With public art collections currently closed The Guardian are exploring highlights and hidden gems from across the country in partnership with Art UK. Emalee Beddoes-Davis, Curator of Modern and Contemporary Art at Birmingham Museums Trust writes about Donald Rodney’s ‘Land of Milk and Honey II’, at Birmingham Museum and Art Gallery.

Cold War Steve talks about his work with Birmingham Museum & Art Gallery and the impact of the pandemic on the arts – via The Independent.

Cold War Steve’s latest work – an homage to his hometown of Birmingham – features a glittering cast of local luminaries set against a 19th Century cityscape. Find out more about this new commission from Birmingham Museum & Art Gallery and Vivid Projects. – via BBC

The Staffordshire Hoard

The Staffordshire Hoard in focus. Apollo Magazine pick their favourite virtual and digital museum resources. – via Apollo Magazine

Leanne O'Connor, Hands of Sisterhood, installation view at Birmingham Museum & Art Gallery

Artist Leanne O’Connor undertook a Whitworth Wallis Residency in 2018 at Birmingham Museum & Art Gallery. She spent a month exploring the stained glass and metalwork collections of the museum’s industrial galleries, as well as items in the museum collection centre and local archives services. Her new exhibition, on display until 1 June 2020, uses The Story of Dante and Beatrice by Florence Camm, a 3-part stained glass panel held in the museum’s collection, as its jumping off point, within a series of newly made sculptures in steel and glass. Anneka French finds out more.


Leanne O’Connor, Florence?, installation view at Birmingham Museum & Art Gallery. Image: David Rowan


Tell me a bit about your starting points?

I have made a fragment, a digital print on glass titled Florence? which was taken from the story of Dante and Beatrice, a 3-part stained glass panel made in 1912 by Florence Camm and the Camms of Smethwick. I linked up with a historian called Elaine Williams who theorised that this particular fragment was actually Florence herself. It was a weird exchange between looking at historical photographs of Florence’s life and looking back into the image. How it’s constructed is important because it doesn’t play to the Edwardian rhetoric of everyone looking off or out away from the central image. I thought that there could be something quite feminist about the work, especially if Florence did include herself looking straight out towards us in a pivotal work that was going to be internationally shown at the International Craft Exhibition in Turin. Florence had quite a sheltered life in terms of her output because she was just making for the family really. The figure of Beatrice was always shown as docile and shrouded by other women which goes against the original text. Florence and her contemporaries reframed this story in a way that I haven’t seen before. A defiance is well-captured.

How has this research come through into your work?

I thought it could be something quite excellent to have a fragment of a face of a maker maybe in the Birmingham School of Art room in Birmingham Museum & Art Gallery (BM&AG). The team very kindly said we show the work as an intervention in the gallery.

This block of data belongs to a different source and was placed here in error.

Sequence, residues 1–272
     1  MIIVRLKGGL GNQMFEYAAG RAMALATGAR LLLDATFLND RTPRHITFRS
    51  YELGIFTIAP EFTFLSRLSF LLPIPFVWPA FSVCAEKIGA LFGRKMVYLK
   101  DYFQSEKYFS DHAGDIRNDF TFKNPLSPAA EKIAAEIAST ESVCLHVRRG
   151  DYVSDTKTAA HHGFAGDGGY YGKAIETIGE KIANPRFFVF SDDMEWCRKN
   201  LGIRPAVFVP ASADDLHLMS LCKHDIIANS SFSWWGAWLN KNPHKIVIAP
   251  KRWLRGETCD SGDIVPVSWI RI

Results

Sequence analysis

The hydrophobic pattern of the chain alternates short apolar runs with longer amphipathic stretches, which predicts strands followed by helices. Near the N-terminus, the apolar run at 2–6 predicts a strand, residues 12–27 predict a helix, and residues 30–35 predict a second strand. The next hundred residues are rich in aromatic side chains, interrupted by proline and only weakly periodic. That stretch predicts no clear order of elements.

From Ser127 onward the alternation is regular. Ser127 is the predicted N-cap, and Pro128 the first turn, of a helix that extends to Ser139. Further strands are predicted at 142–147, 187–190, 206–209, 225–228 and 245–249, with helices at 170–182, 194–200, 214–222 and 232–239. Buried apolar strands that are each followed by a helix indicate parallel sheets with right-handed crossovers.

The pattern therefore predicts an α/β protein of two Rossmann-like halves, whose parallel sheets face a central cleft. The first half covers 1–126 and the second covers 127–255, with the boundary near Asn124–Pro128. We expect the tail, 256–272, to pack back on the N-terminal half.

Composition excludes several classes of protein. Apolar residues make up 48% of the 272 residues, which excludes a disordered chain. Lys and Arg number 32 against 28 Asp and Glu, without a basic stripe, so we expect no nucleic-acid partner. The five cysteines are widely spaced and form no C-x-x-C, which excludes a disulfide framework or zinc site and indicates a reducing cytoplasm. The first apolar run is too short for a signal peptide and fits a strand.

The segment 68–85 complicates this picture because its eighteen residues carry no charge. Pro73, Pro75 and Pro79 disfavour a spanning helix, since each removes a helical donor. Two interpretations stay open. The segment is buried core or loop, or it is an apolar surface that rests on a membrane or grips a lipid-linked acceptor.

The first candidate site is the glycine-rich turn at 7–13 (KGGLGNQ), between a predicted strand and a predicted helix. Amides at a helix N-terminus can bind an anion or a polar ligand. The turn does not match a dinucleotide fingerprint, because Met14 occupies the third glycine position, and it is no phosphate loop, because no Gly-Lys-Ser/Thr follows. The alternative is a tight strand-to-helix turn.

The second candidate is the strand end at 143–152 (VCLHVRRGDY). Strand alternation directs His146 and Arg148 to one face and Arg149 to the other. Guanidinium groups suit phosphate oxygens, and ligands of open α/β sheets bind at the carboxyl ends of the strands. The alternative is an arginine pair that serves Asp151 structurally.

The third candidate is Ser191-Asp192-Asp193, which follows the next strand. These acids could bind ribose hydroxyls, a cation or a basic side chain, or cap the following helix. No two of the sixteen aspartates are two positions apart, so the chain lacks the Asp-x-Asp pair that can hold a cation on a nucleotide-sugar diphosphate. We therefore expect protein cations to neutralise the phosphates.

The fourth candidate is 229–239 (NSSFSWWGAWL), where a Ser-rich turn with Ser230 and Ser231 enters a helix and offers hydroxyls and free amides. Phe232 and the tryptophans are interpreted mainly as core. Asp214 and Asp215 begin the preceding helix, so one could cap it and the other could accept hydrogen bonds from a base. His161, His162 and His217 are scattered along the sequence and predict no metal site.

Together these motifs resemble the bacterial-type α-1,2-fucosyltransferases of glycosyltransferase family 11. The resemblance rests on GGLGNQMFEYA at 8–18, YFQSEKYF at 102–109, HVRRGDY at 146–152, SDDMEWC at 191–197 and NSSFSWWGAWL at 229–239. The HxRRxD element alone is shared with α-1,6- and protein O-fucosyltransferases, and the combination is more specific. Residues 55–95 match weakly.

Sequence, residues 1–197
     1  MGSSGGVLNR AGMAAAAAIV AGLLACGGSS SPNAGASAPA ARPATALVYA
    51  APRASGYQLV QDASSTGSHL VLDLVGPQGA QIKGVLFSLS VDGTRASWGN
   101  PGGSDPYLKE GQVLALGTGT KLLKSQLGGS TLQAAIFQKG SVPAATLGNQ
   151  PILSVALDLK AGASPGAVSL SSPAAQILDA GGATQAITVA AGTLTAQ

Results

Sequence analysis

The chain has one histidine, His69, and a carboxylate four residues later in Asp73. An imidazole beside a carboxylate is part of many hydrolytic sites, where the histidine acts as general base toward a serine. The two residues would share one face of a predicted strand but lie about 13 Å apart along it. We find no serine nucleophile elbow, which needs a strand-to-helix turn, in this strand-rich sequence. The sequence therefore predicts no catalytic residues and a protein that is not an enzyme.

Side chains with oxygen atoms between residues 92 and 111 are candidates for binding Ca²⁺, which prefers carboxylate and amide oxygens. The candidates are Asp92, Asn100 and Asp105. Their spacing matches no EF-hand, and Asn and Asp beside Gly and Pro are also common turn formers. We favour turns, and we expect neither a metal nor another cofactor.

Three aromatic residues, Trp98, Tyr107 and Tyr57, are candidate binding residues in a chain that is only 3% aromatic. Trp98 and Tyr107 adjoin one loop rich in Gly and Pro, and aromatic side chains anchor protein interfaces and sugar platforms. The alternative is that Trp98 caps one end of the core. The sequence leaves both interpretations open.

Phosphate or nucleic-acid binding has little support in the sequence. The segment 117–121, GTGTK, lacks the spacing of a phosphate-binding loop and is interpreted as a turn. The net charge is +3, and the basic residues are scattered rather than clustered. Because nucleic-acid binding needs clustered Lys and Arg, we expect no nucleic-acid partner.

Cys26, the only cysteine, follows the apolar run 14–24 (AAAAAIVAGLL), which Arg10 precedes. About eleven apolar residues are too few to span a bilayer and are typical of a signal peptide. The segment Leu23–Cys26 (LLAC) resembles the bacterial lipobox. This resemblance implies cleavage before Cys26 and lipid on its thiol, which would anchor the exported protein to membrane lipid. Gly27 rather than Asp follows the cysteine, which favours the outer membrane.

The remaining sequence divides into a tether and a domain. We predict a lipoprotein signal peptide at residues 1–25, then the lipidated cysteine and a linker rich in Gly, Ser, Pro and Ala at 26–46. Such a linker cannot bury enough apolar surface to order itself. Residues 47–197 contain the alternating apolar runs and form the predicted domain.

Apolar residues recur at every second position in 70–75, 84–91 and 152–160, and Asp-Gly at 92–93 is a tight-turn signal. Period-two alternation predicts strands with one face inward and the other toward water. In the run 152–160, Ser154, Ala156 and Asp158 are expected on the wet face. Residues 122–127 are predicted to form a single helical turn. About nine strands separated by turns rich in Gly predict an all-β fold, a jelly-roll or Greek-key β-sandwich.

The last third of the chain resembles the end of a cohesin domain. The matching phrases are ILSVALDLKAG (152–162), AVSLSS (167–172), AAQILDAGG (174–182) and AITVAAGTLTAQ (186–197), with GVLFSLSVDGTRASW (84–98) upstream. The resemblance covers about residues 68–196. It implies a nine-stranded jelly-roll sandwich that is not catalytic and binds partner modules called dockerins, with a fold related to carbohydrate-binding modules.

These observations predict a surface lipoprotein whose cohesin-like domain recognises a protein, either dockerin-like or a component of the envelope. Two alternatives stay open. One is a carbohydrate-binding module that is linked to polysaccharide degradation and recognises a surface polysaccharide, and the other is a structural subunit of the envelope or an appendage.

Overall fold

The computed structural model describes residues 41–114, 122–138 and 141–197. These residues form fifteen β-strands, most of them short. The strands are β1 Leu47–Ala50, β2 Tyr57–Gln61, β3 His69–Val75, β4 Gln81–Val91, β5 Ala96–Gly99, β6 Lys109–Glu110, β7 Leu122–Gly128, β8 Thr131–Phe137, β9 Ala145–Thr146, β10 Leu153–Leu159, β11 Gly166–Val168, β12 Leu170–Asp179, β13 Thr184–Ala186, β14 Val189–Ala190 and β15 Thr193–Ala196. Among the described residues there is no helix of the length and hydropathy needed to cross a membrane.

And this is the first time there has been a contemporary work in that room?

As far as I am aware, this is the only contemporary work exhibited in the Birmingham School gallery, yes. And this work represents both a historic and contemporary maker at the same time. I considered solidarity and sisterhood over generations. There have been some really beautiful and haunting works I’ve seen around women makers who are tied into activism. These straddle art and craft and I enjoy those borders of production. I like that this piece captivates the room and that it is outside of a frame. It is a sort of a devotion to Florence.

Leanne O’Connor, Hands of Sisterhood, installation view at Birmingham Museum & Art Gallery. Image: David Rowan


How many works are in the industrial galleries?

There are 3 downstairs and 2 upstairs. The central panel that I have been looking at is a transparency reproduction and the original is currently in the Oklahoma Museum as part of a big Pre-Raphaelite exhibition that’s happening in North America. It is on loan from BM&AG. There was a fading reproduction on show but my works nearby are hands pointing towards this and the team at the museum were able to refresh the reproduction. It’s been nice that interacting with collections can re-invigorate the display.

Tell me more about your research?

I’ve been working with the Community and History Archives Service (CHAS) in Smethwick, Sandwell. They have a massive collection of photographs that Florence took of the community of Smethwick that would pose for her ecclesiastical designs. The company certainly didn’t have a hierarchy of models that the central Pre-Raphaelite Brotherhood had. For example, there is a picture of a beggar from the panel which is in the archive, as well as a man called Albert Fell who was their glazer or leader. It was bonkers but I was installing this work and his great granddaughter came here with her husband. They were talking to the technician and they said that’s my great granddad with the feather. We’re going to be meeting up soon to talk about everything.

Leanne O’Connor, Hands of Sisterhood, installation view at Birmingham Museum & Art Gallery. Image: David Rowan

Tell me more about your works Hands of a Sisterhood?